Khoisan refers to the Khoikhoin and San peoples who live in southern Africa. The term Khoisan was coined in 1928 by Leonhard Schultze and is more acceptable to both peoples than the older terms Hot-tentots (from the Dutch word meaning stutters from hearing the click sounds in their language) for Khoikhoin and Bush-men for San.
In Botswana, the Setswana name Basarawa (Mosarwa in singular) is frequently used. The numbers of Khoisan speakers today is rather small—around 50,000 in Botswana, 33,000 in Namibia, 8,000 in Angola, 4,500 in South Africa, and 2,000 in Zambia and Zimbabwe. Khoisan also refers to their language, which includes a number of click sounds, some of which have been borrowed into Bantu languages such as isiZulu, isiXhosa, Sesotho, and Setswana.
The Khoisan were once spread through-out southern and much of eastern Africa. It is believed that the San, at least, are the oldest inhabitants of southern Africa, stretching back more than 12,000 years ago, though some have tried to connect them to fossil remains of more than 40,000 years ago. The Khoikhoin or Khoehoe seem to have emerged from the San and changed their main economic life from hunting and gathering to pasto-ralism some 2,300 years ago, and at least 2,000 years ago, they had reached the Cape of Good Hope.
The arrival of the Bantu peoples some-time in the third to fourth centuries CE put the new arrivals into conﬂict with both the San and the Khoikhoin. Bantu farmers and stockmen did not take kindly to San killing their valuable cattle or foraging their crops. Khoikhoi pastoralists competed for important grazing areas, and the Bantu were often hostile to Khoisan peo-ples.
Rock art made by the San show them in conﬂict with the larger, spear-carrying Bantu. By the arrival of the Europeans in South Africa, Khoisan were already displaced or being displaced by Bantu farmers. Many Khoisan sought refuge in the less productive mountains (such as the Drakensburgs and Malotis) or in the more arid areas where settled farming is more difﬁcult.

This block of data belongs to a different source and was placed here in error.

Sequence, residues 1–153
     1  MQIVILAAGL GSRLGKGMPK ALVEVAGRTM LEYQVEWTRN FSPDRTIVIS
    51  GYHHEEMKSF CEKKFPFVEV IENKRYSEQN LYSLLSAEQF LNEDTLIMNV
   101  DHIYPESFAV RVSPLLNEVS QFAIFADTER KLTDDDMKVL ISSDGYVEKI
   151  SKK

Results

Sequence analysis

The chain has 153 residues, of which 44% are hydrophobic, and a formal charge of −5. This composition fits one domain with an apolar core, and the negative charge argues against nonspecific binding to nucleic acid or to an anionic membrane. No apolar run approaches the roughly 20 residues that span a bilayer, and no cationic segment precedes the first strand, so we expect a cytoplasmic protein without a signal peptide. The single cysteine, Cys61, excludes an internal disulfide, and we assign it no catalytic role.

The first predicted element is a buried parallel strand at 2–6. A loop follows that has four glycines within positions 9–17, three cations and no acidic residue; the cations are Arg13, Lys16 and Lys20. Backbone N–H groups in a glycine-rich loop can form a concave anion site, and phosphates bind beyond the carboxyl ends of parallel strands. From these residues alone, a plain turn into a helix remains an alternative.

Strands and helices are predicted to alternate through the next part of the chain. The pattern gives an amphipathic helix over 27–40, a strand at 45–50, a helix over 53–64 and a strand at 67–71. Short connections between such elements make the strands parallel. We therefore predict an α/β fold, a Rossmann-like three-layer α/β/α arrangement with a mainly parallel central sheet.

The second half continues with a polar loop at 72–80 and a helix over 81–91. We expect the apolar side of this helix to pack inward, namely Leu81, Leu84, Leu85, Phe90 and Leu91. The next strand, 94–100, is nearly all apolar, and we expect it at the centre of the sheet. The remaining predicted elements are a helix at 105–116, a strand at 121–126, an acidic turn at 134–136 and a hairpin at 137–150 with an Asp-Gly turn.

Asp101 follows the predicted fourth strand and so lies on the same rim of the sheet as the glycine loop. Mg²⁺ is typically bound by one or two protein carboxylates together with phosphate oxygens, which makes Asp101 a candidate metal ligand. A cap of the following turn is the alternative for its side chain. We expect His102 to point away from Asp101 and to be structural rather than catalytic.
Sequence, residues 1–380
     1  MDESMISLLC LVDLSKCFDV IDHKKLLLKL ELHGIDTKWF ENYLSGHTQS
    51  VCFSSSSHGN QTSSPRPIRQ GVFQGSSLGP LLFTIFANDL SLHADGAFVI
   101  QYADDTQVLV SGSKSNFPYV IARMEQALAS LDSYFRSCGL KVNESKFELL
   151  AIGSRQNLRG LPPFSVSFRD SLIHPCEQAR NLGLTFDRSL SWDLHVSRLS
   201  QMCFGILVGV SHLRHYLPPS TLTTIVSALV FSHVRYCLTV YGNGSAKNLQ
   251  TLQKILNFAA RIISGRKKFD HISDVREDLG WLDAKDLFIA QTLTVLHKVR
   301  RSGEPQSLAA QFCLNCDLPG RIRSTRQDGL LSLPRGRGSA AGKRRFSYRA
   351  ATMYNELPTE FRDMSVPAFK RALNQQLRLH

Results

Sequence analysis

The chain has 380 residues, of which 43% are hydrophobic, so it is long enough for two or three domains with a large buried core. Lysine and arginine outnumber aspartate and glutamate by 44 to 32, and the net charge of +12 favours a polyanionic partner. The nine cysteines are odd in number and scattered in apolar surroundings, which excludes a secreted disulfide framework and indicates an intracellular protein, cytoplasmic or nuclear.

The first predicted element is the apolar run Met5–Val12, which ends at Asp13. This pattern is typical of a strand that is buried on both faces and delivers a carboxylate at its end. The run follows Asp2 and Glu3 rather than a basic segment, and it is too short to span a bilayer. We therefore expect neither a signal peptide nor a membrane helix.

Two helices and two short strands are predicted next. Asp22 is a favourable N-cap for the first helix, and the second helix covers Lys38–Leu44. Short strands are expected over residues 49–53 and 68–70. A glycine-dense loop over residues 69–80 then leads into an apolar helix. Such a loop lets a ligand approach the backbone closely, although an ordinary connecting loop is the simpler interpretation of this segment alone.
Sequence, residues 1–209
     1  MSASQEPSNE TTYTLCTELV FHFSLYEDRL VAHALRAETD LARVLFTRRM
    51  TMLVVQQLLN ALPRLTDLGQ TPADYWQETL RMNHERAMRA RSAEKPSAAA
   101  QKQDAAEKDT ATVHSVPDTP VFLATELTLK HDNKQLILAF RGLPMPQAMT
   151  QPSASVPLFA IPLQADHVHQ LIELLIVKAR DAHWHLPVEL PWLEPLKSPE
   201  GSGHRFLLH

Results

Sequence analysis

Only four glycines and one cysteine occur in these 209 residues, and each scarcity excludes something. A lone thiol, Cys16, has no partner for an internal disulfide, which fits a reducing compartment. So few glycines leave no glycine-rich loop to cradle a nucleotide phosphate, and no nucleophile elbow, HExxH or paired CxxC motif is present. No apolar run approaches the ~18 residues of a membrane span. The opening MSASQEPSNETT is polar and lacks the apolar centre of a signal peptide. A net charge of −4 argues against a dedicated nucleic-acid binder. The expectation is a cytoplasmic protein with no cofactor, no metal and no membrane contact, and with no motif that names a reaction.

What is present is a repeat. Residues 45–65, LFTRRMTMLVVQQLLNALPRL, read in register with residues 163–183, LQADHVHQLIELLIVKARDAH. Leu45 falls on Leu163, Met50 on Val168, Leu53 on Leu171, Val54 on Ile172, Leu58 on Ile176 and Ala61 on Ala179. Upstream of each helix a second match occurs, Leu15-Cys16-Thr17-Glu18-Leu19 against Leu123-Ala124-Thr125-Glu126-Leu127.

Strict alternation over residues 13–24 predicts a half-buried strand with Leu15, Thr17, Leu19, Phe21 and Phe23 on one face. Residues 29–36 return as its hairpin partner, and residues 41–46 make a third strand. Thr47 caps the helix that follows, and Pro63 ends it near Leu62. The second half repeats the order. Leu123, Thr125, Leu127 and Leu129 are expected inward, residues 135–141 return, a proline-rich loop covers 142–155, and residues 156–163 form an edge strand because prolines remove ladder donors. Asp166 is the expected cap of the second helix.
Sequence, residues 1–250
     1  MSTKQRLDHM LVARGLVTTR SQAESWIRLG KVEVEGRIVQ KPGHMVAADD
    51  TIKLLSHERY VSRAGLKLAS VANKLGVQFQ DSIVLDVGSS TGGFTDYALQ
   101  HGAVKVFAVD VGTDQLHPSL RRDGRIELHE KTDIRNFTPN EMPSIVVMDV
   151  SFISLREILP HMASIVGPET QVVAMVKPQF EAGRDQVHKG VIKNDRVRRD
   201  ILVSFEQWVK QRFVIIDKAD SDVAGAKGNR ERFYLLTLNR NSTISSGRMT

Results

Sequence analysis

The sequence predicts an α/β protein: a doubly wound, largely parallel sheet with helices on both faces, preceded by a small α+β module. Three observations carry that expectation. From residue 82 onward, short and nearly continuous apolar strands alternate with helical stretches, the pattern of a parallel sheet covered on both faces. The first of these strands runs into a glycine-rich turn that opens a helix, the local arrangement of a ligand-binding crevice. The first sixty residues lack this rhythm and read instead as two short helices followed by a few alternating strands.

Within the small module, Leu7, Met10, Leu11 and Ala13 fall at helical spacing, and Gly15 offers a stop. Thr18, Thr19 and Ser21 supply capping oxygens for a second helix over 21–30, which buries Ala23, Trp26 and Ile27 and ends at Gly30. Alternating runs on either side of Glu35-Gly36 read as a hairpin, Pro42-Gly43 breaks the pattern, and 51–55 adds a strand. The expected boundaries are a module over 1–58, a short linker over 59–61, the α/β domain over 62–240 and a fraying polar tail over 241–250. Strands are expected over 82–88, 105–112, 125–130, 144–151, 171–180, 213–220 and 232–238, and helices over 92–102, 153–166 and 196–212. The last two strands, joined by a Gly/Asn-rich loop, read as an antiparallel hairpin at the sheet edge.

Most San have retained their traditional religion, which centers on a supreme god who is both great and good. He is the father of the moon and the sun, though the moon plays a greater part in ritual life; curing/trance dances occur most often at night during a new and full moon.
San cur-ing/trance dances are still held as people try to adjust to the difﬁculties of modern life. In the trance dances, the person able to deal with spirits (similar to a shaman) begins with a slow circling dance around the women, who are seated at a central ﬁre. The women sing in high falsettos and clap.
The men form a ring around the out-side andsinginlower ranges inharmony with the women. The men both stomp as they dance and also clap their hands to give a syncopated rhythm to the dance. The spirit medium goes into a trance, and his eyes roll back into his head.
He takes on the illness of the person to be cured and shouts out of himself the spirit which caused the illness. In doing so, he may suf-fer nosebleeds as his body stiffens and he throws his stiffened arms behind him. In rock art, representations of healing cer-emonies are easy to pick out since they show one or more ﬁgures in the stiffened position, arms behind them, bleeding from the nose.
Rock art in southern Africa is the prod-uct of mainly San peoples, and in recent years archeologist and anthropologists have developed a great appreciation for the insights into San life provided by the paintings. Some of the sites, such as those at Tsodilo Hills in Botswana, are still visited and retouched by San. In 2001, Tsodilo Hills was declared a UNESCO World Heritage Site.